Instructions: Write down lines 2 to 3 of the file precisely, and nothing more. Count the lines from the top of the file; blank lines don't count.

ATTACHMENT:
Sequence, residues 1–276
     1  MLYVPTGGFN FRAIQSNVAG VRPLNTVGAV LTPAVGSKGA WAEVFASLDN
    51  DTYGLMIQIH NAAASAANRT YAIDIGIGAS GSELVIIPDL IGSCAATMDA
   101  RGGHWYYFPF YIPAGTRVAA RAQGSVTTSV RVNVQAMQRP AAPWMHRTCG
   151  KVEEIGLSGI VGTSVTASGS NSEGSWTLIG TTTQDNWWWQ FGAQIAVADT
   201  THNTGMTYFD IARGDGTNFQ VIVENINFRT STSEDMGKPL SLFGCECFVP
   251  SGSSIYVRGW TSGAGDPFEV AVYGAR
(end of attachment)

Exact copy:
     1  MLYVPTGGFN FRAIQSNVAG VRPLNTVGAV LTPAVGSKGA WAEVFASLDN
    51  DTYGLMIQIH NAAASAANRT YAIDIGIGAS GSELVIIPDL IGSCAATMDA